It's a brilliant way to achieve time travel, and as a bonus, it makes it impossible to go back in time and kill your own grandfather before you were conceived! Come learn how time travel could really, physically be possible after all.

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“But the parallel Universes part is the hardest part for me to swallow. Newly introduced in this episode, Lorca shows Stamets how all the data gathered from the spore drive shows not only the mycelium network, but doorways to parallel Universes. They build off the many-world interpretation of quantum mechanics to indicate that Universes where anything and everything that can happen does, only in some other parallel Universe. The problem is, these branches occur at an “event” in spacetime, which means they occur at a specific location in space at a specific time; you can’t simply have a “map” of a place where you can access a parallel Universe. Yet that’s how Star Trek: Discovery chooses to portray the science, and it appears that’s where they wind up at the end: in a parallel Universe that’s nowhere known.”

After nine episodes, Star Trek: Discovery reaches its mid-season hiatus with a visually spectacular battle on multiple fronts at Pahvo. Discovery engages the Klingon sarcophagus ship, Stamets faces his own mental decline to power the spore drive, Lorca orders others to uncertain fates, Burnham engages in combat at the scene of her greatest failure, and Tyler battles his own PTSD. It’s a great stage for some very compelling internal and external conflicts to play out. But it’s also all too easy. The Klingons are one-dimensional villains. There’s no ethical dilemma to obeying/disobeying orders here. Burnham exercises terrible judgment, but gets lucky in the end. And the “Gilligan’s starship” ending seems, at first glance, to be a new twist on an old plotline: Lost In Space. Which is really too bad, because that’s one of the classic counterexamples I use to show what Star Trek, as a franchise, is not all about.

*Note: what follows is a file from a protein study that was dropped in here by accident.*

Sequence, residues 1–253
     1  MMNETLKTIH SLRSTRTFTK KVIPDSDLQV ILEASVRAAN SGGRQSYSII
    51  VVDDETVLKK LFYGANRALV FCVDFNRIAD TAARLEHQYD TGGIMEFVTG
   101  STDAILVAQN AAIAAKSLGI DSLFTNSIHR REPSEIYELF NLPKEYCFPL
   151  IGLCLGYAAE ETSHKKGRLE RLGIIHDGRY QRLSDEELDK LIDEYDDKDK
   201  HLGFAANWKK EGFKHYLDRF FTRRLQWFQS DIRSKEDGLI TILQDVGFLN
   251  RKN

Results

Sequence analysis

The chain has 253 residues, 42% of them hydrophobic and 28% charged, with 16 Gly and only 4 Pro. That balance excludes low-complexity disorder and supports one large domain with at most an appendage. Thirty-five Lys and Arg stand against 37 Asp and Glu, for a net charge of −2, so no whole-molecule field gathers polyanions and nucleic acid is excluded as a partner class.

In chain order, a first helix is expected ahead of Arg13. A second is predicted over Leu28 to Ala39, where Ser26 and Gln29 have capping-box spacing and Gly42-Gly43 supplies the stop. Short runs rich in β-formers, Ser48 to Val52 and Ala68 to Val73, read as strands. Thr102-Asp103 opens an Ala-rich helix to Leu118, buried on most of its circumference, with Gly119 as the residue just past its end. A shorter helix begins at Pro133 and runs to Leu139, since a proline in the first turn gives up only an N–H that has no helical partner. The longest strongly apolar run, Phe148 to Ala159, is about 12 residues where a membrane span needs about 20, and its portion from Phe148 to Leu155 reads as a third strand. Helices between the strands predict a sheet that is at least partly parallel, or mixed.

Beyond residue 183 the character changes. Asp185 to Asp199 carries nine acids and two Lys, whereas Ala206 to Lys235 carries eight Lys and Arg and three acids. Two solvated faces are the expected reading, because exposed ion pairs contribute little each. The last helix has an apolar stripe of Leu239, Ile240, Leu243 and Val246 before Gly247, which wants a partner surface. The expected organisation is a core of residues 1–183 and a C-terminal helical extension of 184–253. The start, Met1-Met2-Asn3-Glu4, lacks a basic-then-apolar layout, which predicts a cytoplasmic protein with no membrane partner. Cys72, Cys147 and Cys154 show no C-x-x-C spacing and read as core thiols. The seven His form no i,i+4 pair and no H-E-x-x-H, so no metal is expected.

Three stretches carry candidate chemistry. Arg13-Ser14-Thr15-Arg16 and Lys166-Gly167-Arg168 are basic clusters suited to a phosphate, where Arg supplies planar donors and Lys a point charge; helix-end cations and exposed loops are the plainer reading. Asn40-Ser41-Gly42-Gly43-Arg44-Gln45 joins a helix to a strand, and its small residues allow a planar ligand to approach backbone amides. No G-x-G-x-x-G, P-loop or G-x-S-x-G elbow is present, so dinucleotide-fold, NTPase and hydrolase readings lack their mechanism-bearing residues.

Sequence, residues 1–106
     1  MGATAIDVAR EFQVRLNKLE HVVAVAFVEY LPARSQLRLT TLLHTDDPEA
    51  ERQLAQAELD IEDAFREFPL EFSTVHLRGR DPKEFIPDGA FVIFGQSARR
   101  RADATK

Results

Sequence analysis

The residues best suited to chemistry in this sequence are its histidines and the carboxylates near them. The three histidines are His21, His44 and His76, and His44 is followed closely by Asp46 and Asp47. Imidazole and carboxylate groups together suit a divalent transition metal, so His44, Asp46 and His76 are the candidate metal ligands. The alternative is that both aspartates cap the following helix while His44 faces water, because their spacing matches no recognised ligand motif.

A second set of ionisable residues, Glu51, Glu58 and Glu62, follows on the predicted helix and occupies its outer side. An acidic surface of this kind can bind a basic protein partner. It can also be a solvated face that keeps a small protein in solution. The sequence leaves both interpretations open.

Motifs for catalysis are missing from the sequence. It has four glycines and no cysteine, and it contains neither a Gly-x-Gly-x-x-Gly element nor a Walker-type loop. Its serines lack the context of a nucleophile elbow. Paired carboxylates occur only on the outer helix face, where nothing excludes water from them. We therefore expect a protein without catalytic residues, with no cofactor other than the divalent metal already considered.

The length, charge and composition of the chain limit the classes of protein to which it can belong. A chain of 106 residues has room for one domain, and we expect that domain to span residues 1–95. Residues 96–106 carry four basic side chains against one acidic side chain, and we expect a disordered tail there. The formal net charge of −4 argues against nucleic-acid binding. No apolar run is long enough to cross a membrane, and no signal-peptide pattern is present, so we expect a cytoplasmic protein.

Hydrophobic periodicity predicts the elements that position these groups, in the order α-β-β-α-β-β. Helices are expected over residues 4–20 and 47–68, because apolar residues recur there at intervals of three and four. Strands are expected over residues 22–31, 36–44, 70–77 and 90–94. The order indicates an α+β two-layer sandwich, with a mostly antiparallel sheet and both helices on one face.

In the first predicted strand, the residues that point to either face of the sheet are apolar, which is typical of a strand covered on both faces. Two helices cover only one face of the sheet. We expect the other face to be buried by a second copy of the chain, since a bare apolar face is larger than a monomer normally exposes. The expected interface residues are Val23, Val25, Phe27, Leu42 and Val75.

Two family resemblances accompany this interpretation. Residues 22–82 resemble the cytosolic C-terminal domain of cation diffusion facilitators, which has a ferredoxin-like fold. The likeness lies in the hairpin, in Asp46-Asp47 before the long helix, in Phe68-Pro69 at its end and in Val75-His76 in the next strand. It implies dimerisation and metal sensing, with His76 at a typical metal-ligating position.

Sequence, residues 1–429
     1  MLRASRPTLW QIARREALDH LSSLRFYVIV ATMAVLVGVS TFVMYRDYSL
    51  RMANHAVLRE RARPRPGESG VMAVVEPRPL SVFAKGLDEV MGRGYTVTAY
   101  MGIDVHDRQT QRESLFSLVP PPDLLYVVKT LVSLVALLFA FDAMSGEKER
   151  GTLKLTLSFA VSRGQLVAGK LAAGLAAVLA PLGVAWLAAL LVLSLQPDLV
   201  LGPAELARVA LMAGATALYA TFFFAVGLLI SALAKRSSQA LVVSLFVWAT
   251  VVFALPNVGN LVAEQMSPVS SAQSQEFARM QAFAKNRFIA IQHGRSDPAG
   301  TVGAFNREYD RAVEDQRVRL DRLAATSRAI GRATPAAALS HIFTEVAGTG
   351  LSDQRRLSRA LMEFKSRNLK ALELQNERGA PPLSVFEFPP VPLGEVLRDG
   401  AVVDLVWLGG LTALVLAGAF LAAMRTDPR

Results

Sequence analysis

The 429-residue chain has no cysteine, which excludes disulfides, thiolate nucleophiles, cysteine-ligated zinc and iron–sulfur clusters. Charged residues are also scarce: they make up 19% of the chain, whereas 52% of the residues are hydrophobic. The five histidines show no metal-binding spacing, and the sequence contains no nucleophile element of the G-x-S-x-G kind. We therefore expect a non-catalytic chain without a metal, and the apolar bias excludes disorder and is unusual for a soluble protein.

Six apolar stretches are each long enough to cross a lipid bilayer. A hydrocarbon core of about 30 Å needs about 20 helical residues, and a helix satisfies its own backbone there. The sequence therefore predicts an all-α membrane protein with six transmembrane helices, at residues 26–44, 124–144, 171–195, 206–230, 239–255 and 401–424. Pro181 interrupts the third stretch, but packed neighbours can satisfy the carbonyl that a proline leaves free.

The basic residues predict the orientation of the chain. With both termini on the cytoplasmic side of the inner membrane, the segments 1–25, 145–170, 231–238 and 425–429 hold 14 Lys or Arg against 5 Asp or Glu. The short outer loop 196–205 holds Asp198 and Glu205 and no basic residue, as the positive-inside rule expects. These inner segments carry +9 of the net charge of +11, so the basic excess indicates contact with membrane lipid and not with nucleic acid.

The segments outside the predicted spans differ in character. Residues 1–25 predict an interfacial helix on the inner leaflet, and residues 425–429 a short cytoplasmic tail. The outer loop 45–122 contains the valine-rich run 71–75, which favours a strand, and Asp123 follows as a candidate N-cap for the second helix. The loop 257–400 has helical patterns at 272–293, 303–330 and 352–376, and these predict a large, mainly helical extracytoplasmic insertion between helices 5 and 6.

There’s a lot of potential in Discovery, but it has some growing to do, on both the science and the fiction fronts, if it wants to go down as one of the greats.

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"If two black holes merge, is it possible for matter that was within the event horizon of one black hole to escape? Could it escape and migrate to the other (more massive black hole)? What about escape to outside of both horizons?"

Imagine that you’ve got two black holes about to merge in space. They’re radiating energy away, spacetime itself is at its most distorted, and perhaps you have particles just crossing over the event horizon for the first time. Is there any way you could configure it to have them escape, or to have a particle jump from one event horizon to another? The situation is incredible, and involves some of the strongest gravitational fields ever considered in the Universe. But numerical relativists are up to the challenge of simulating these spacetimes, and we can see what happens! Believe it or not, even as energy is radiated away and the total mass drops, the event horizons themselves never decrease in size, and the total volume encapsulating the “no-escape zone” only increases as time goes on!

Come learn the reason why matter can’t escape the event horizon, even during a black hole merger, on this week’s Ask Ethan!